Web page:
Sleep bruxism bears several similarities to restless legs syndrome, and a link to changes in central dopamine activity has been considered in both conditions. The dopamine agonist pramipexole is currently indicated for the symptomatic treatment of restless legs. The effect of pramipexole on sleep bruxism was investigated in subjects with 'probable bruxism' recruited at the Orofacial Pain Clinic. Thirteen patients underwent polysomnographic recordings, including bilateral masseter electromyographic activity...
July 17, 2016: Journal of Sleep Research
Nehal Solanki, Balendra Pratap Singh, Pooran Chand, Ramashankar Siddharth, Deeksha Arya, Lakshya Kumar, Suryakant Tripathi, Hemant Jivanani, Abhishek Dubey
STATEMENT OF PROBLEM: The use of mandibular advancement devices (MADs) in the treatment of sleep bruxism is gaining widespread importance. However, the effects of MADs on sleep bruxism scores, sleep quality, and occlusal force are not clear. PURPOSE: The purpose of this clinical study was to analyze the effect of MADs on sleep bruxism scores, sleep quality, and occlusal force. MATERIAL AND METHODS: This uncontrolled before and after study enrolled 30 participants with sleep bruxism...
July 13, 2016: Journal of Prosthetic Dentistry
Rukiye Çolak Sivri, Ömer Faruk Akça
No abstract text is available yet for this article.
June 17, 2016: Journal of Child and Adolescent Psychopharmacology
K G Raphael, V Santiago, F Lobbezoo
Inspired by the international consensus on defining and grading of bruxism (Lobbezoo F, Ahlberg J, Glaros AG, Kato T, Koyano K, Lavigne GJ et al. J Oral Rehabil. 2013;40:2), this commentary examines its contribution and underlying assumptions for defining sleep bruxism (SB). The consensus' parsimonious redefinition of bruxism as a behaviour is an advance, but we explore an implied question: might SB be more than behaviour? Behaviours do not inherently require clinical treatment, making the consensus-proposed 'diagnostic grading system' inappropriate...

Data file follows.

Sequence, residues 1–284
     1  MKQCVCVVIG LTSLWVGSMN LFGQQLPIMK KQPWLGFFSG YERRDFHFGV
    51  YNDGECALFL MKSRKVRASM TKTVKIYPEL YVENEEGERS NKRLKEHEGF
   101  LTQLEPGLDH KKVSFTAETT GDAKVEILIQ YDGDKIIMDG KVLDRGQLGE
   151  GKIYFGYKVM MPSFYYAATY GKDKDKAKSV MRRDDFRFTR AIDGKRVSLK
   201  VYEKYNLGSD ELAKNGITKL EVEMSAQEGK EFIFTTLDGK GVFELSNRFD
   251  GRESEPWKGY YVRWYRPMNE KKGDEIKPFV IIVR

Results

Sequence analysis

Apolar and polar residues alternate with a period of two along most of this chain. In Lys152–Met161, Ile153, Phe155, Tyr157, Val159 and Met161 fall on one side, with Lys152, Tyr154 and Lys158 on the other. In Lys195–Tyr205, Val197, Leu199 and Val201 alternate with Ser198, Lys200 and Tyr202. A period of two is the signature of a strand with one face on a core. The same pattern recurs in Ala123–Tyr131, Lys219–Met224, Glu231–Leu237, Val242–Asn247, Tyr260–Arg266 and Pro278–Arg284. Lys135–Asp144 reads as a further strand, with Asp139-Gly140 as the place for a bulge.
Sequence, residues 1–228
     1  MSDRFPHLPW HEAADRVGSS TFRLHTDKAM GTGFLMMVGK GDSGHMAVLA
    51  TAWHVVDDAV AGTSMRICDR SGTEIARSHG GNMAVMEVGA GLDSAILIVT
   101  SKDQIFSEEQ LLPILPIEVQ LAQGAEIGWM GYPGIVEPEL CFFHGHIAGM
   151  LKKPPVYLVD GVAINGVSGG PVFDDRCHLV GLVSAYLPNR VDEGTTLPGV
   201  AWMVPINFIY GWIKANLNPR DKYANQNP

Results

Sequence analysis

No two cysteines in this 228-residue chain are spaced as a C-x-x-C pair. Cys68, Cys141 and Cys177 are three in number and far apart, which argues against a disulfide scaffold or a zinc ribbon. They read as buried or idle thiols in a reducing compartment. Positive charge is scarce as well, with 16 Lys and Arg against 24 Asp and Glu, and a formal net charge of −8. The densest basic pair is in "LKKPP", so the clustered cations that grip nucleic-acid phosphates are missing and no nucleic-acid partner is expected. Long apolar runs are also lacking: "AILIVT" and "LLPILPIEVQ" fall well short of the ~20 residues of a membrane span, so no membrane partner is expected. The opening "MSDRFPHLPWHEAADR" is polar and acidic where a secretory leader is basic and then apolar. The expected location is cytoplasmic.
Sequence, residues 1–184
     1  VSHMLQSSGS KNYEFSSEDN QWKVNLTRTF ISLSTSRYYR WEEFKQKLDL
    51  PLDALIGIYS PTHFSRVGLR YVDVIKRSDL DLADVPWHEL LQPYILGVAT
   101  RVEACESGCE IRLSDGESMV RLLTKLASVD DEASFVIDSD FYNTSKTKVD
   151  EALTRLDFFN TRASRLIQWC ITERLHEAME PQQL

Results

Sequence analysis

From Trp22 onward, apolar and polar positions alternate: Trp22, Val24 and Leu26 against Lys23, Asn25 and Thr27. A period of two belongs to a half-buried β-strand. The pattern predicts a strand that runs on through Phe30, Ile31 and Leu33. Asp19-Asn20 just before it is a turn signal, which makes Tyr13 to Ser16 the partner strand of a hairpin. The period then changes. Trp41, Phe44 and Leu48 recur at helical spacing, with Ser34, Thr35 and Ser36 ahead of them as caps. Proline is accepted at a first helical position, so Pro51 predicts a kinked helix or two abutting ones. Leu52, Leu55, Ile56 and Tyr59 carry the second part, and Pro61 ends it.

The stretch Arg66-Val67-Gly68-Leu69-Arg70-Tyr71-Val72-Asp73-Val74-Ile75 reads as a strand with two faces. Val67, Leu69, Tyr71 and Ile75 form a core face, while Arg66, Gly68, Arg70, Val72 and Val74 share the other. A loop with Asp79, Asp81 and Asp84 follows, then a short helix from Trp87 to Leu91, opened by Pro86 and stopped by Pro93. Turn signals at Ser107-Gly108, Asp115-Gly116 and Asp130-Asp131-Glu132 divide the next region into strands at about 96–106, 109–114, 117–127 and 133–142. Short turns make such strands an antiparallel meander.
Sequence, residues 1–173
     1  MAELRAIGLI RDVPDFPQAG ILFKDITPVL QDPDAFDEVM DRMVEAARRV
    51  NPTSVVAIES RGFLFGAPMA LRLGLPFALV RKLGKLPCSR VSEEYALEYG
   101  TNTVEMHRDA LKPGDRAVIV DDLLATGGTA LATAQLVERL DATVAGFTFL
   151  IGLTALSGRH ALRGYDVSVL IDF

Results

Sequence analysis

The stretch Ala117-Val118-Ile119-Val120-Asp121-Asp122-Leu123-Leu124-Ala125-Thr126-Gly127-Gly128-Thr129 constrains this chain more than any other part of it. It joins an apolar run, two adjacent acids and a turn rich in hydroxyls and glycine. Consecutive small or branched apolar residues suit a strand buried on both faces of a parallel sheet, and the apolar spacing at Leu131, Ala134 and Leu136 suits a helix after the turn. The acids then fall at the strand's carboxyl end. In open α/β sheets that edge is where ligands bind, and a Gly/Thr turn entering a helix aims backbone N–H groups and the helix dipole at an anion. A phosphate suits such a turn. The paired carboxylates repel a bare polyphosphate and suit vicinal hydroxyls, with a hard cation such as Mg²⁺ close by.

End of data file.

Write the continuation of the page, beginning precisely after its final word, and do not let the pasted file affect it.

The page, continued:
October 2016: Journal of Oral Rehabilitation
Luisa Maria Faria Tavares, Leonora Cristina da Silva Parente Macedo, Cristina Maria Rabelais Duarte, Gilberto Senechal de Goffredo Filho, Ricardo de Souza Tesch
AIMS: The aim of this study was to assess the relationship between levels of anxiety symptoms and prevalence of self-report of awake and sleep bruxism in patients with temporomandibular disorders (TMD). METHOD: One hundred and eighty-one female patients, aged 19-77 years, were consecutively evaluated. The patients were selected from among those who sought treatment at the TMD and Orofacial Pain Outpatient Clinic of the Petrópolis School of Medicine. All patients completed the questionnaire and underwent clinical examination, both components of the RDC/TMD, in addition to answering questions pertaining to the assessment of levels of anxiety symptoms, taken from the Symptom Check List 90 self-report instrument...
April 20, 2016: Cranio: the Journal of Craniomandibular Practice
Bruno Ella, Imad Ghorayeb, Pierre Burbaud, Dominique Guehl
Bruxism is an abnormal repetitive movement disorder characterized by jaw clenching and tooth gnashing or grinding. It is classified into two overlapping types: awake bruxism (AB) and sleep bruxism (SB). Theories on factors causing bruxism are a matter of controversy, but a line of evidence suggests that it may to some extent be linked to basal ganglia dysfunction although so far, this topic has received little attention. The purpose of this article was to review cases of bruxism reported in various movement disorders...